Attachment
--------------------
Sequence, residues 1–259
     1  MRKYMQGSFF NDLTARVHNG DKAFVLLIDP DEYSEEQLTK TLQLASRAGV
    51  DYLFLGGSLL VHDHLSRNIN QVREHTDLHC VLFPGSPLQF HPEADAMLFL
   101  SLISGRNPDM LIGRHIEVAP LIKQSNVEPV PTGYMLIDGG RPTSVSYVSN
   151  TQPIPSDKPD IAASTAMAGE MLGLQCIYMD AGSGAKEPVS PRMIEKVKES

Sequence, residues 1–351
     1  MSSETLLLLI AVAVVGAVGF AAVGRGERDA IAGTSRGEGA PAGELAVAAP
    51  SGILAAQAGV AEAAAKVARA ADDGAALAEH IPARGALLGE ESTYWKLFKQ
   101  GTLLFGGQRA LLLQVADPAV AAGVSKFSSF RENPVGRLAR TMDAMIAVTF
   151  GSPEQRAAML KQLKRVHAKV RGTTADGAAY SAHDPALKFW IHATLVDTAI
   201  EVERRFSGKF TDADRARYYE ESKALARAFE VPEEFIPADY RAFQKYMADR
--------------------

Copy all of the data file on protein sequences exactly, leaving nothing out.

Sequence, residues 1–259
     1  MRKYMQGSFF NDLTARVHNG DKAFVLLIDP DEYSEEQLTK TLQLASRAGV
    51  DYLFLGGSLL VHDHLSRNIN QVREHTDLHC VLFPGSPLQF HPEADAMLFL
   101  SLISGRNPDM LIGRHIEVAP LIKQSNVEPV PTGYMLIDGG RPTSVSYVSN
   151  TQPIPSDKPD IAASTAMAGE MLGLQCIYMD AGSGAKEPVS PRMIEKVKES

Sequence, residues 1–351
     1  MSSETLLLLI AVAVVGAVGF AAVGRGERDA IAGTSRGEGA PAGELAVAAP
    51  SGILAAQAGV AEAAAKVARA ADDGAALAEH IPARGALLGE ESTYWKLFKQ
   101  GTLLFGGQRA LLLQVADPAV AAGVSKFSSF RENPVGRLAR TMDAMIAVTF
   151  GSPEQRAAML KQLKRVHAKV RGTTADGAAY SAHDPALKFW IHATLVDTAI
   201  EVERRFSGKF TDADRARYYE ESKALARAFE VPEEFIPADY RAFQKYMADR